What’s Behind The Door?

whatsbehind

Founded by Sarah Palmer in 1993, Big Green Door has been a groundbreaking and innovative brand strategy consultancy for just over twenty years. The company has come a long way since those early days. Initially operating from a ground floor garage in a Paddington mews house, it consisted of Sarah, a desk, and a single lime-green cell phone. It didn’t even have a name.

In 1993 Arsenal beat Sheffield Wednesday in the cup, John Major was Prime Minister, and 40,000 revellers kicked off the second summer of love at Lower Pertwood Farm in Wiltshire. Today, Wednesday fans can think on cup finals as spinsters on past lovers, John Major is only to be seen in the Lord’s pavilion, and 90s ravers sit glumly in offices dreaming of e’s and whizz. Big Green Door, however, continues to grow, continues to innovate, and continues to provide the unique blend of analysis and insight it was founded to pioneer.

Sarah’s aim, sitting in her garage, was to build a company that rectified some of the issues identified over thirteen years spent working as a Planner and Global Account Director for, first, Ogilvy and Mather, then BMP (now DDB). The issues were centred around four shortcomings: firstly, the lack of insight and analysis built into the research provided by existing agencies; secondly, the lack of understanding shown to women and to mothers within the industry; thirdly, the rigidity of the linear progression from strategy to creativity that saw knowledge falling through the gaps between the two. Finally, and perhaps most significantly, Sarah wanted to move away from the lack of focus on the client engendered by the internal politics and top-down dogmatism endemic in large corporations.

The idea, then, was to provide a product that integrated creativity and intellectual insight into the whole process, providing research and strategy with a “so what”: creative analysis and innovation suggestions that take research beyond the facts and figures. By creating a company that focused on holistic, quality, client-led output, and by utilising the pool of female creative talent marginalised by the industry at the time, the blueprint for what was to become Big Green Door was drawn up.

The inspiration for the structure of the company was taken from the theatrical model. The director assembles a team who has creative freedom over the output of their particular role; the set designers, lighting engineers, costume designers and actors all have a remit for interpretive freedom within their spheres. In ‘The Nature of Gothic’, the great Victorian critic and essayist John Ruskin argued that it is only through the freedom to express individuality in their work that men and women can produce clarity and beauty. It was this freedom to innovate that Sarah wanted to replicate, aiming to develop a flat management hierarchy where strategists and creatives would not feel trapped in an employee/employer structure. Bringing strategic hypotheses to life, making them “real”, getting at the “how” as well as the “what”, is a necessarily creative process and so individual freedom amongst employees was a crucial element of the nascent Big Green Door’s manifesto.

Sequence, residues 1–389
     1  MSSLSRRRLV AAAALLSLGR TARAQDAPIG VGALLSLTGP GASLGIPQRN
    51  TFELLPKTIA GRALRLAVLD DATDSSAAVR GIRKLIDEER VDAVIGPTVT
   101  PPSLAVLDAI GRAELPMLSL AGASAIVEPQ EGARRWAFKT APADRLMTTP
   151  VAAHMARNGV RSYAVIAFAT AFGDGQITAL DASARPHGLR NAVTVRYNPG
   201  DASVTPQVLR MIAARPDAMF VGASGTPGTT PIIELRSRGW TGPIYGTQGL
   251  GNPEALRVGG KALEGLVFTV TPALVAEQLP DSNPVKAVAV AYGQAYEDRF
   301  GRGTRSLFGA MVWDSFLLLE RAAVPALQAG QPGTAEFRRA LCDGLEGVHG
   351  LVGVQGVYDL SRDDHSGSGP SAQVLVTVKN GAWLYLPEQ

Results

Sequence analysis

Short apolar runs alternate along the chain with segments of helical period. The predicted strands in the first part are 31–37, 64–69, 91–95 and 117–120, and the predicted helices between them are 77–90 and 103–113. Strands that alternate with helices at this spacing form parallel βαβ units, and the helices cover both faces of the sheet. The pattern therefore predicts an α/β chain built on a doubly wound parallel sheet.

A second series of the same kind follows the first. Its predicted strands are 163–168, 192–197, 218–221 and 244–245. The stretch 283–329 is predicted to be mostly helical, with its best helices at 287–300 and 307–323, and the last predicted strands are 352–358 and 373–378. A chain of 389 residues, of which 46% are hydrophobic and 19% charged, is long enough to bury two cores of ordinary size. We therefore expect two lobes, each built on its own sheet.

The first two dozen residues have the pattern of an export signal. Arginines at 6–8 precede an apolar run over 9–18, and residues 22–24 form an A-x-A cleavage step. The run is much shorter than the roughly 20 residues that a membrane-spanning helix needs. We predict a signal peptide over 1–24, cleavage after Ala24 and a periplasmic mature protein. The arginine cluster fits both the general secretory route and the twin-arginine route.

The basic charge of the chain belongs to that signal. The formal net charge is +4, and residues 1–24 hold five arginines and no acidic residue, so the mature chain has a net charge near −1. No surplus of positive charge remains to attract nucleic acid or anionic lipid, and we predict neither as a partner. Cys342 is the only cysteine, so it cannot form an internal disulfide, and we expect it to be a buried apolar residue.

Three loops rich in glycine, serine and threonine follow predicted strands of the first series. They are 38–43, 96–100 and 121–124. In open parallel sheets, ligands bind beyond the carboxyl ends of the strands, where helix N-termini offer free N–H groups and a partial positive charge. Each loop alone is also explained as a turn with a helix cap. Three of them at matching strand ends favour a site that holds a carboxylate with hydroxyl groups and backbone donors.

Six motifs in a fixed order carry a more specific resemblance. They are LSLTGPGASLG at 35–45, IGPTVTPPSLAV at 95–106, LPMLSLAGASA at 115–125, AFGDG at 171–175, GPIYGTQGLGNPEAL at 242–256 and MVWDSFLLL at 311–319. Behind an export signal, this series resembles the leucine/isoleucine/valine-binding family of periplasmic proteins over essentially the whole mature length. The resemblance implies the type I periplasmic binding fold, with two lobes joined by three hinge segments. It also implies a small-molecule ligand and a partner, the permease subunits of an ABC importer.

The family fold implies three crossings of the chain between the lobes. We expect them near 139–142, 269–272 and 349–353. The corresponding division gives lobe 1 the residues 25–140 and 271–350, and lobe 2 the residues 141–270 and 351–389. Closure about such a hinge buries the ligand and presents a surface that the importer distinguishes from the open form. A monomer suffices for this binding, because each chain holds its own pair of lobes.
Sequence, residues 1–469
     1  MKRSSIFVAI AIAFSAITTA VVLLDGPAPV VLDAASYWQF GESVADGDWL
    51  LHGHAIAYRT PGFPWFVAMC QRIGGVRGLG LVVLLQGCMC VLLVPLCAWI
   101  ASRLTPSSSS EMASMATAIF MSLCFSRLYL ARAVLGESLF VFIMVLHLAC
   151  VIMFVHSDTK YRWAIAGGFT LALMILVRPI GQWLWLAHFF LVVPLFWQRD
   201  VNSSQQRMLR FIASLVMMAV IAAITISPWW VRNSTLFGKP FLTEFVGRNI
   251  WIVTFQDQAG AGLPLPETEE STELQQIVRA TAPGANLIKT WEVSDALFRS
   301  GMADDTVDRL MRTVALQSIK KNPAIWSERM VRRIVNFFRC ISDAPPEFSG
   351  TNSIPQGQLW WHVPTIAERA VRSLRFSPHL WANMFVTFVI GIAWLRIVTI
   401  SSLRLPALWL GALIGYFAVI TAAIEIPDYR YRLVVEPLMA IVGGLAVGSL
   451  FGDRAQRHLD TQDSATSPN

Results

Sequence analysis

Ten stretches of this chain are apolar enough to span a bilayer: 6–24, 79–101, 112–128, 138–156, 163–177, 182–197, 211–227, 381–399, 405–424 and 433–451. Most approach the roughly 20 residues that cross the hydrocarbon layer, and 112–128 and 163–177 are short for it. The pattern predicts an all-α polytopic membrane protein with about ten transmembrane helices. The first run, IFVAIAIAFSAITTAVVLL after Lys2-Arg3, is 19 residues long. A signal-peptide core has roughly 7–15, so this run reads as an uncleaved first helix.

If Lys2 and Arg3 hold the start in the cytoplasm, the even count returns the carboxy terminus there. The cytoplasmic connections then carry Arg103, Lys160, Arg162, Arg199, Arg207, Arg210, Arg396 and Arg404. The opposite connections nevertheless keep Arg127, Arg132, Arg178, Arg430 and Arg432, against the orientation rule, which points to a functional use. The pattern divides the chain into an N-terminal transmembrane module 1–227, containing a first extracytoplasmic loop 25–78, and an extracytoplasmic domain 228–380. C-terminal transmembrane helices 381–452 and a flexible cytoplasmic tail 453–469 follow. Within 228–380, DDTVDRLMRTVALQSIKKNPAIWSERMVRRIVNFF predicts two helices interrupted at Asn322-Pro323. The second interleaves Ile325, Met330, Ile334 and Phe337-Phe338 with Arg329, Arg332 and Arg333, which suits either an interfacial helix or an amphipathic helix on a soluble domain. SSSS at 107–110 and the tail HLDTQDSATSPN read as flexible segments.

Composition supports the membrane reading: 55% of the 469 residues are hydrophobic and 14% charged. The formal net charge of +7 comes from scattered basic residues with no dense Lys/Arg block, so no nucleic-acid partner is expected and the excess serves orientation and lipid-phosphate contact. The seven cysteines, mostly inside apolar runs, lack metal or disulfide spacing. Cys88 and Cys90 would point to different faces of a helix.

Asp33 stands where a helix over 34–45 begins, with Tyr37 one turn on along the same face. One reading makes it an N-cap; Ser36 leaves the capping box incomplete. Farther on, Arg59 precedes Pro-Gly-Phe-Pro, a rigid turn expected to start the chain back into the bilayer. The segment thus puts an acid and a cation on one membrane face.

So, there was a founder, there was an idea, but there wasn’t yet a name. At least, not until a friend remarked on the ‘lovely big green door’ to the garage. It immediately stuck and now, twenty years on, the current offices retain this distinctive design feature. Shortly after this fortuitous remark, another friend, upon hearing of the new name, sent Sarah a poem: Miroslav Holub’s The Door. It is a poem that invites the reader to exercise their curiosity, to ‘go and open the door’, to take the plunge, and to be brave enough to go beyond, to look through, to see what is behind. These qualities are those prized most by Big Green Door. When things aren’t quite coming together, when you can’t see the wood for the trees, it is vital to have the intellectual curiosity, bravery and rigour to make things happen. The Door is the first thing you see as you enter the office, and it serves as a reminder of Big Green Door’s history, as well as its values.